Othello, Trafalgar Studios 1, London

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The Independent Culture

To overcome his allergy to Shakespeare, Lenny Henry took drastic measures. He agreed to play Othello – in Barrie Rutter's production which opened at the West Yorkshire Playhouse earlier this year and has now arrived in London. Consider the magnitude of his courage. Henry is a stand-up comedian; Othello is a tragic hero who is not overburdened by a sense of humour. Henry has had to find his (metrical) feet with the iambic pentameter; Othello is, of all Shakespeare's protagonists, the one who is most self-consciously a verse-speaker, turning up the volume on his verbal music as a defence mechanism against the insecurities of his position.

The first thing to say is that never for a second does this performance feel like some job-swap stunt. Henry is possessed of a towering presence and a sonorous delivery. He also naturally radiates goodness, which is handy in a reading of the role that stresses Othello's nobility rather than the alternative view of him as a self-dramatising egotist who is riding for a fall. Henry is, however, periodically inclined to rush his lines, so that you lose a sense of their rhythmic pulse and his Othello never comes across a man who sometimes needs to take refuge in the tranquilising sound of his own voice.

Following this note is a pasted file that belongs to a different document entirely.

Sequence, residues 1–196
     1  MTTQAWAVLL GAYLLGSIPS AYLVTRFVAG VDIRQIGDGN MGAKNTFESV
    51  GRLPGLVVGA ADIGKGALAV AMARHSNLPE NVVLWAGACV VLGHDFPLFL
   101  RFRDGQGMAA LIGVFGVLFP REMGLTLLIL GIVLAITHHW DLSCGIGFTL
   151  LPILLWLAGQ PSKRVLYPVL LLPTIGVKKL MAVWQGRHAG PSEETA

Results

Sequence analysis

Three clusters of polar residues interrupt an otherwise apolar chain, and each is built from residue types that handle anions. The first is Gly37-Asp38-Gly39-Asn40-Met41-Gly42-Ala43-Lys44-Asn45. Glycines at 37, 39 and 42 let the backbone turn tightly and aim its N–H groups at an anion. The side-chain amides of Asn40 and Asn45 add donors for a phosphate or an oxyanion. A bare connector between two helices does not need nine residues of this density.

But that's partly because the production fails to give, in the earlier scenes, an adequate indication of the strain he's under. The hero's marriage to Desdemona (Jessica Harris) begins by looking almost complacently easy in its happiness. Othello publicly lifts his feisty little spouse off her feet and twirls her in his arms – a charmingly unselfconscious gesture, but there are too few tremors of the riskiness inherent in this brave union of opposites, or any feel of the added pressures that come from being, as newlyweds, swept by war to Cyprus.

Despite some winning performances (Conrad Nelson's lean, mean Iago flashes skilfully between social plausibility in the mess and seething private poison in the soliloquies), Rutter's production is uneven, drably designed and costumed. Yet it has a peculiar impact that derives both from our knowing that the well-loved Henry is a Shakespeare novice and from his extraordinary feat in persuading us to forget that fact. For those of us barricaded in our trite little comfort zones, his is a morally inspiring achievement.

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